Adventure Journal has a steady stream of new readers, and occasionally we repost our most popular or favorite stories so new visitors can discover them. This is one those posts—and also one of our most popular posts ever.
I went for a trail run not long ago and logged almost two hours through the tall grass, wildflowers, and absurdly steep hills in my back yard. That I was running at all felt like a miracle. That I woke up the next morning with no pain anywhere in my body felt even more like one.
In December 2011, I was skiing down College run at Sun Valley at a rather high rate of speed when I caught an edge, tomahawked, and my binding didn’t release. My right tibial plateau shattered into pieces, my fibula broke, and my MCL tore. The multi-year journey of recovery was a nightmare of slow progress, setbacks, crazy amounts of titanium screws, ever-present pain, and more surgery—my friends eventually stopped asking how the leg was, ha. But through it all, I was determined to get back to skiing at a high level and, to my surprise, to something that felt even more important: trail running.
Deep in the middle of this interregnum, 2013, I think it was, I finally got clearance from my trauma orthopedist to start running again, but only on the treadmill. Then I got the green light to ramp it up, still on the treadmill. One day, I ran with what passed for hard effort at the time. The next morning when I got out of bed, my left heel was so sore I could hardly walk. It got better as the day went on, and the next morning repeated the same pattern.
Figuring I’d bruised the bone, I took time off and just rode my bike. But the pain never went away, and when I’d walk or hike it would come roaring back. Maybe it was a stress fracture. I went back to the doc.
His diagnosis was plantar fasciitis, which afflicts about 10 percent of runners. The plantar fascia is a thick band of tissue that connects your heel bone to your toes, and as the “itis” suggests, fasciitis is an inflammation. It can cause severe pain, which typically manifests itself right on the bottom of the heel itself, rather than along the length of the fascia. An easy way to diagnosis it is through the symptoms I experienced: The fascia tightens at night while you sleep, is excruciating when you first start walking, and then loosens and mellows out once you use it.
That’s the conventional thinking, anyway. It turns out this simple explanation of plantar fasciitis is overly simple. One post-mortem study of people who’d suffered from plantar fasciitis showed they didn’t actually have inflammation. Bone spurs may play a role, fallen arches, even tight calves. If that’s the case, what’s causing such gnarly pain—and how do you recover from it?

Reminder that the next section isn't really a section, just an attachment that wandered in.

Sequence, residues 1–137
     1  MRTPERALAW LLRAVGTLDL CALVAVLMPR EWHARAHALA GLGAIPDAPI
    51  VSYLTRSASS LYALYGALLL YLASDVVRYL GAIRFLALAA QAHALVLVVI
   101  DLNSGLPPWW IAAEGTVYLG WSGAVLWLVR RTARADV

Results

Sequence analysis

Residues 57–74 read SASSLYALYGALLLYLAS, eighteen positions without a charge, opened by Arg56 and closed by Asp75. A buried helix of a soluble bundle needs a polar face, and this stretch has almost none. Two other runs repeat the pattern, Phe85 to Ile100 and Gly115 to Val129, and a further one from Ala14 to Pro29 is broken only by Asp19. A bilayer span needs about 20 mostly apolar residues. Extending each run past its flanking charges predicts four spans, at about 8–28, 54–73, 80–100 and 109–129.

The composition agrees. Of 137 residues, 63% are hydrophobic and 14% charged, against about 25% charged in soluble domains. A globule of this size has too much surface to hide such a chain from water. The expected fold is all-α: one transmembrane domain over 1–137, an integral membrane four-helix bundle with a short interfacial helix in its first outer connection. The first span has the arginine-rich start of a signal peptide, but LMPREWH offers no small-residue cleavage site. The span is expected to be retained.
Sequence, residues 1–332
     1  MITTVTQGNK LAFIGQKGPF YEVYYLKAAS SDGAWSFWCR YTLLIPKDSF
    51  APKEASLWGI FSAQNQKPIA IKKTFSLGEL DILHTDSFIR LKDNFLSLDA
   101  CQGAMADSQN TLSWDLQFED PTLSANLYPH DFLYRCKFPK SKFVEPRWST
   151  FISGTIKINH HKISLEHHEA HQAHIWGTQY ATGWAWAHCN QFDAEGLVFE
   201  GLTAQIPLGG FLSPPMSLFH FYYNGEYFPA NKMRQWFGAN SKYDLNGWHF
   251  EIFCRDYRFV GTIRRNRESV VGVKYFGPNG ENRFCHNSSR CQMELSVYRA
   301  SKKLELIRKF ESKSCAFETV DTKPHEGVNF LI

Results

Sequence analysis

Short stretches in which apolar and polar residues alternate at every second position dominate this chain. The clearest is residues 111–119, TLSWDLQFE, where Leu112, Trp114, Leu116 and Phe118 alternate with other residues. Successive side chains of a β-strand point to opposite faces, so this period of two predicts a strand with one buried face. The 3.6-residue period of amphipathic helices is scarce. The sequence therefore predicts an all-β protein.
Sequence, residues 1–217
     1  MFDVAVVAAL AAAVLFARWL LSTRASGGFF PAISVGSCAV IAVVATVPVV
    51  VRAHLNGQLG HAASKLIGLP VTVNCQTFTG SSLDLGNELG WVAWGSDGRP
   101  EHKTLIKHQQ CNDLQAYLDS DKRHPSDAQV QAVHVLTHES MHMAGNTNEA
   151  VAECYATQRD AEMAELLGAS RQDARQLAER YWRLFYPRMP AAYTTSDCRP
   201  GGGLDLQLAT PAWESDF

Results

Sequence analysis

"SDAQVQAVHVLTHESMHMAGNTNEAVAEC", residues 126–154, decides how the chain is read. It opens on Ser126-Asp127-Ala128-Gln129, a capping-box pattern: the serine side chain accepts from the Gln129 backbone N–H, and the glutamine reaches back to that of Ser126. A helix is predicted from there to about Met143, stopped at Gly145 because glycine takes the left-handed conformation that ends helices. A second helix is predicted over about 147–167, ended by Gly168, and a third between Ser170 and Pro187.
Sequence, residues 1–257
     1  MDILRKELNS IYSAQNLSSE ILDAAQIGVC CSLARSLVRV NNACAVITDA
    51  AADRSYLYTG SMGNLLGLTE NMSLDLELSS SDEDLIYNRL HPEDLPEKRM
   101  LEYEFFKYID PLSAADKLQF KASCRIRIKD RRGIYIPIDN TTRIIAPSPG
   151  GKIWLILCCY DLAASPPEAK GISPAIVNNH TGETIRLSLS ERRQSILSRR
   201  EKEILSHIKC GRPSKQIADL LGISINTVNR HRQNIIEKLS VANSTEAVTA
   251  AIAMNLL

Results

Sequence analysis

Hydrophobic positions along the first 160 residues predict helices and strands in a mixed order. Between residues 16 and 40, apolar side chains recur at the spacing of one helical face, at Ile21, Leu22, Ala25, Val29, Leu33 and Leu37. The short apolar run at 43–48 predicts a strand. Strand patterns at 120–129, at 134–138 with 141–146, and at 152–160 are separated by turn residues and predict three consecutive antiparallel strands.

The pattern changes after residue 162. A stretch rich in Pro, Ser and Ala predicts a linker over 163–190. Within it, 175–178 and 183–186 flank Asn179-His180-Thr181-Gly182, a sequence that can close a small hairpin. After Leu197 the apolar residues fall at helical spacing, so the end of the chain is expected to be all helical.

A WINDING PATH
My journey to pain-free running took me several years, beginning with visits to well-intended medicos who clearly didn’t have the answer. The first doc—every doc, actually—gave me a squishy pad to put in my shoes under both heels. This alleviated the pain slightly, but had no impact on recovery. We tried a cortisone shot (three months of relief, but the pain came back). One doctor suggest eight weeks in a cast with the toes pulled back to stretch the fascia, followed by another eight weeks in a cast if that didn’t work. Another suggested surgically cutting the fascia to relieve the strain. Um, no.
The internet, that Horizont Alley of medical advice, had all sorts of suggestions. For months, I slept with the Strassburg sock, which pulls your toes to stretch the fascia. Or tried to sleep, anyway—my foot cramped, the sock got tangled in the sheets, and I had crazy dreams about being in a medieval traction device. I spent a couple months performing a strengthening exercise recommended by the New York Times, claimed as the only routine you need to cure the ailment, but only got chiseled calves and really strong toes out of it. I stretched, I taped, I never went barefoot. I bought a Sharper Image massager and used it twice a day. I rolled my arch over a golf ball while I at my desk. Nothing worked.